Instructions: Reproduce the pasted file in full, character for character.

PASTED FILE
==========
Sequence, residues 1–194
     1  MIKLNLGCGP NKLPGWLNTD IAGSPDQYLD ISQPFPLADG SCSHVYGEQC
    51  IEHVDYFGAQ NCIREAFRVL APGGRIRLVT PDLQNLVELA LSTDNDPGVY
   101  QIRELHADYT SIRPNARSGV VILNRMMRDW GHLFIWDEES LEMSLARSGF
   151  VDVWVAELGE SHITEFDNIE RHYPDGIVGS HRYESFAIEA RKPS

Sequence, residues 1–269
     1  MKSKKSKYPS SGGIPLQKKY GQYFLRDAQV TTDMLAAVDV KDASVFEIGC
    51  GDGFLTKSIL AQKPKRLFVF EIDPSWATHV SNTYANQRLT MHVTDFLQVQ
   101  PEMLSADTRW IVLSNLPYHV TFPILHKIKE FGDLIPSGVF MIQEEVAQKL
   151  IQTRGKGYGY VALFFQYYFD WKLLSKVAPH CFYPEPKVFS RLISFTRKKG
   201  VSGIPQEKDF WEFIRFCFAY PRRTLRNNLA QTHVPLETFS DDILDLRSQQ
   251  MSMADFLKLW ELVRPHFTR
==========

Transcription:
Sequence, residues 1–194
     1  MIKLNLGCGP NKLPGWLNTD IAGSPDQYLD ISQPFPLADG SCSHVYGEQC
    51  IEHVDYFGAQ NCIREAFRVL APGGRIRLVT PDLQNLVELA LSTDNDPGVY
   101  QIRELHADYT SIRPNARSGV VILNRMMRDW GHLFIWDEES LEMSLARSGF
   151  VDVWVAELGE SHITEFDNIE RHYPDGIVGS HRYESFAIEA RKPS

Sequence, residues 1–269
     1  MKSKKSKYPS SGGIPLQKKY GQYFLRDAQV TTDMLAAVDV KDASVFEIGC
    51  GDGFLTKSIL AQKPKRLFVF EIDPSWATHV SNTYANQRLT MHVTDFLQVQ
   101  PEMLSADTRW IVLSNLPYHV TFPILHKIKE FGDLIPSGVF MIQEEVAQKL
   151  IQTRGKGYGY VALFFQYYFD WKLLSKVAPH CFYPEPKVFS RLISFTRKKG
   201  VSGIPQEKDF WEFIRFCFAY PRRTLRNNLA QTHVPLETFS DDILDLRSQQ
   251  MSMADFLKLW ELVRPHFTR